Ep. 67: Telling Brand Stories Through Digital with Jeramie McPeek

In each episode of The Playbook presented by FanFood, host Rob Cressy discusses how leaders are modernizing today’s customer experience through technology in sports, entertainment and hospitality. We invite industry veterans to talk about how customer expectation have changed in today’s world, and how businesses need to change accordingly for greater operational efficiency and better guest experience.

Ep. 67: Telling Brand Stories Through Digital with Jeramie McPeek

Jeramie McPeek, Founder at Jeramie McPeek Communications, joins Rob Cressy to talk about telling brand stories through digital channels. What are companies missing with their brand strategies? Why is being conversational and personalized so important? How do you build a culture of trying new things and being forward-thinking? Do you need to be on every social media platform?


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  • Ep. 67: Telling Brand Stories Through Digital with Jeramie McPeek
  • Ep. 67: Telling Brand Stories Through Digital with Jeramie McPeek
  • Ep. 67: Telling Brand Stories Through Digital with Jeramie McPeek
  • Ep. 67: Telling Brand Stories Through Digital with Jeramie McPeek
  • Ep. 67: Telling Brand Stories Through Digital with Jeramie McPeek

Rob Cressy: (00:08)

Welcome to The Playbook presented by FanFood. A discussion around how leaders are modernizing today’s customer experience through technology in sports, entertainment, and hospitality. I’m your host, Rob Cressy. And joining me today is Jeramie McPeek founder of Jeramie McPeek Communications. Jeramie, great to have you on the show.


Jeremie McPeek: (00:31)

Rob, thanks for having me. It’s about time. We’ve been talking about this for gosh, probably a year I’m thinking. It is good to connect finally.


Rob Cressy: (00:39)

It’s been a hot minute, but you’re someone I love jamming with because of your knowledge and experience. So, let’s start with this. Can you give a quick overview of who you are and what you do?


Jeramie McPeek: (00:49)

Sure. So, a quick overview, I started working in professional sports at the age of 20 workings with the NBA’s Phoenix Suns. I spent 24 years with my sons before leaving in 2016 to start my own business. And when I was with the sons, I was their vice president of digital and brand strategy, overseeing all of our websites, social media, mobile apps that sort of thing. And today I’m kind of taking those learnings and helping other brands and leagues and sports teams and events with their social and digital strategy.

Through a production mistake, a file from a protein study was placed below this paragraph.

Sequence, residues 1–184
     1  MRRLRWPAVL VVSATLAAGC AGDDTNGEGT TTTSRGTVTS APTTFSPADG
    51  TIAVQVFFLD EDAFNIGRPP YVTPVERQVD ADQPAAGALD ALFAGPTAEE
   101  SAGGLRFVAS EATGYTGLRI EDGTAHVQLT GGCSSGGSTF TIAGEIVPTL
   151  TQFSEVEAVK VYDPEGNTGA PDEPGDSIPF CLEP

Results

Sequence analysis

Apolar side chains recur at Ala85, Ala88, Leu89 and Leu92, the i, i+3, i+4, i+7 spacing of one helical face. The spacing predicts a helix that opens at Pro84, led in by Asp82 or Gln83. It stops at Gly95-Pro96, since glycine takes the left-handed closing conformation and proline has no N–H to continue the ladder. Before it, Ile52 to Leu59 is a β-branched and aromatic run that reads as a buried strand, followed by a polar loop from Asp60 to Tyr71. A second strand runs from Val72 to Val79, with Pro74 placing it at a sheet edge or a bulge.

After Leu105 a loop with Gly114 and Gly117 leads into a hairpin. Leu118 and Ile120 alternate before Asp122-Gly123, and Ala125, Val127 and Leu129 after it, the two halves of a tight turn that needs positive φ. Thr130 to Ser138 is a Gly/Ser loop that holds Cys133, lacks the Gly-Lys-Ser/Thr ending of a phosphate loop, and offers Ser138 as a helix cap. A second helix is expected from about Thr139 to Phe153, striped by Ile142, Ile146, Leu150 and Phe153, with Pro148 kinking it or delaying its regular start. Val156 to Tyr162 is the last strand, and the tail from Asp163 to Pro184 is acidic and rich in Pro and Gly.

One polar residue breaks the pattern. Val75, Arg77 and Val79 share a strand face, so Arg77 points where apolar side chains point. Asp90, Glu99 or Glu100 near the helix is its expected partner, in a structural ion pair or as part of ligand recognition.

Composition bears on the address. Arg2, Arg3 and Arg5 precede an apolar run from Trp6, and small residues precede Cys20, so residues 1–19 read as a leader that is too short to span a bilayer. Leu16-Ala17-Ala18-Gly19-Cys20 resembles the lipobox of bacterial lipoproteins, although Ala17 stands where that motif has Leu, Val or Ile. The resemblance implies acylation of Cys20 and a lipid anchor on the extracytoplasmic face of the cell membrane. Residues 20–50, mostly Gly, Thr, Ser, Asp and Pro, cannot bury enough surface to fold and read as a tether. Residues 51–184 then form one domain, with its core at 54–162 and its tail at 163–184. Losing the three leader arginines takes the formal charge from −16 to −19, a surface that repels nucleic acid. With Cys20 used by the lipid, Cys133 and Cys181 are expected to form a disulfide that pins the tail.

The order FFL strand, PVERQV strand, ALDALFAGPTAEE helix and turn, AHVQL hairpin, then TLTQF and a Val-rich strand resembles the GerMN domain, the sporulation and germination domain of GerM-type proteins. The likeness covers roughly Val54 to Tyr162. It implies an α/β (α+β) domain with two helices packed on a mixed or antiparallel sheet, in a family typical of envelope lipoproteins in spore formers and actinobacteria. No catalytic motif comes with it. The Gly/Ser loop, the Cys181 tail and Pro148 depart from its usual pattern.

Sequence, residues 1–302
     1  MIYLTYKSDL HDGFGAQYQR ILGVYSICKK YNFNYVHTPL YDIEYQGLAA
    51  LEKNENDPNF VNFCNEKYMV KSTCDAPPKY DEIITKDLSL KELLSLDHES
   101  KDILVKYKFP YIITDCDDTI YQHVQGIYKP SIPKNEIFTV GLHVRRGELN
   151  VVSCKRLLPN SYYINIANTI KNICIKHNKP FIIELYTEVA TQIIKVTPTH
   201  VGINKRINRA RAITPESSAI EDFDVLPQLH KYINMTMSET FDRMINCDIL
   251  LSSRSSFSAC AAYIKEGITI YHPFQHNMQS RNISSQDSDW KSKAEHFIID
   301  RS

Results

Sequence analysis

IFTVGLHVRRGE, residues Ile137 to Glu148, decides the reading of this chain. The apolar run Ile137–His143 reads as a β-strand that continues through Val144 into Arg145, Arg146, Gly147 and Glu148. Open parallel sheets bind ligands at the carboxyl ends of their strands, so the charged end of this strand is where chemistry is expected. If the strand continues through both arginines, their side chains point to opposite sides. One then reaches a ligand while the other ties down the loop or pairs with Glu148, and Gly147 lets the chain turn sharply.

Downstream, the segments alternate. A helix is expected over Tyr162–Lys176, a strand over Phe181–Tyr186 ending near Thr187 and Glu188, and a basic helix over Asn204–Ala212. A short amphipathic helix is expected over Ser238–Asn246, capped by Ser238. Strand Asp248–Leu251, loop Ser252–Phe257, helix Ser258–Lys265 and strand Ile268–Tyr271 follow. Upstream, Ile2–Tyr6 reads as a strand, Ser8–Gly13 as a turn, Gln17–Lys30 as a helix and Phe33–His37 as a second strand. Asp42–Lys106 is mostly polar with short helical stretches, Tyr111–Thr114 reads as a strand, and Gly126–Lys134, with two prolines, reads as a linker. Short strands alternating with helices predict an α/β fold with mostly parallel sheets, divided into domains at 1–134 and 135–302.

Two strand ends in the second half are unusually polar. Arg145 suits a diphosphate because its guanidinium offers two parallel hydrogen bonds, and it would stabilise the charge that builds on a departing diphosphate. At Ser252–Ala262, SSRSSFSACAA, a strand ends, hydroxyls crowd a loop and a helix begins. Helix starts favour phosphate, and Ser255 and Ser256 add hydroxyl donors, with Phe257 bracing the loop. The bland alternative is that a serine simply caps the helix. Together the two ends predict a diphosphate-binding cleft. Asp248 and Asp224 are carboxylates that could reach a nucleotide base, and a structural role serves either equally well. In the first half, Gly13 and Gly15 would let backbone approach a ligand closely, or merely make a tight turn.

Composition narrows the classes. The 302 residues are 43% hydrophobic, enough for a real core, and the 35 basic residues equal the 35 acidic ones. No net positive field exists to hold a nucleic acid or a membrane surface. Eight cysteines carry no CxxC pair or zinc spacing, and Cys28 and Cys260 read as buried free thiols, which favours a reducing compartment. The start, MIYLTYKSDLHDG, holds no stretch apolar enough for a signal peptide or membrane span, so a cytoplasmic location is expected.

Rob Cressy: (1:24)

I love it because one of the things I want to talk to you about is elevating the customer experience and what can we do to engage fans more? Certainly right now of all times that we’ve seen digital and brand strategy is so important right now. So, I’m curious to hear from you what is something that you see that a lot of teams or leagues or companies are missing when it comes to digital or brand strategy?


Rob Cressy: (01:57)

Wow, that’s a tough question. I think being conversational is a big thing that I can’t say a lot is missing, but there are still some that are missing that. They’re still treating social and digital as a one-way communication platform. We’re going to give you our message. We’re going to tell you about our team. We’re going to tell you about our ticket sales or our sponsor or whatever it is and they’re not really communicating back and forth. They’re not interacting with fans. They’re letting fans comment to them, but they’re not having fun going back with them and interacting back with them. And I think that’s really key to making people feel appreciated, make them feel valued for being a fan of your team or league. And I think the more teams and leagues and properties can do that, the stronger bond they build theirs with their audience.


Rob Cressy: (02:28)

I agree 1000% on that, but let’s get to like why that is. So, the ones who do succeed, but the ones who don’t, it’s almost like pushing a rock uphill because it’s a, you don’t get it to type thing. It should almost be like the flip of a switch where you say our social media is a communications tool to engage with our fans. But I know so many of the companies or teams that do not do things correctly, they’re almost like we can just put an intern on this. And the act of posting means we’re successful as opposed to us posting is only the first step to get to the next level of the conversation.


Jeramie McPeek: (03:33)

Yeah, agreed. There are a couple of things you touched on there. I think management not necessarily understanding, and again it’s getting better and better all the time. I think more and more teams and leagues and sports brands are getting people that do understand the importance of it and the importance of social media and fan engagement and digital marketing. And so they are finding they are growing their digital teams and they’re hiring more experienced people, but then there are also still some that think, ah, we’ll just have the intern do that. We’ll have the 20-year-olds to take care of that they can handle that. They understand what that Tik Tok thing is and I don’t so I’m just going to put them in charge of it. Or on the other hand, you have upper management who has never been on social media ever and thinks that they do understand it anyway. And they’re going to tell the digital team how to do it and what to do and they’re going to criticize them and critique them and say,I don’t want you interacting with our fans because some of our fans are negative. So don’t say a word to them, don’t follow them. Don’t like their posts. Don’t interact with them at all. Just don’t touch that. And that’s just that just shows you that there is that lack of understanding.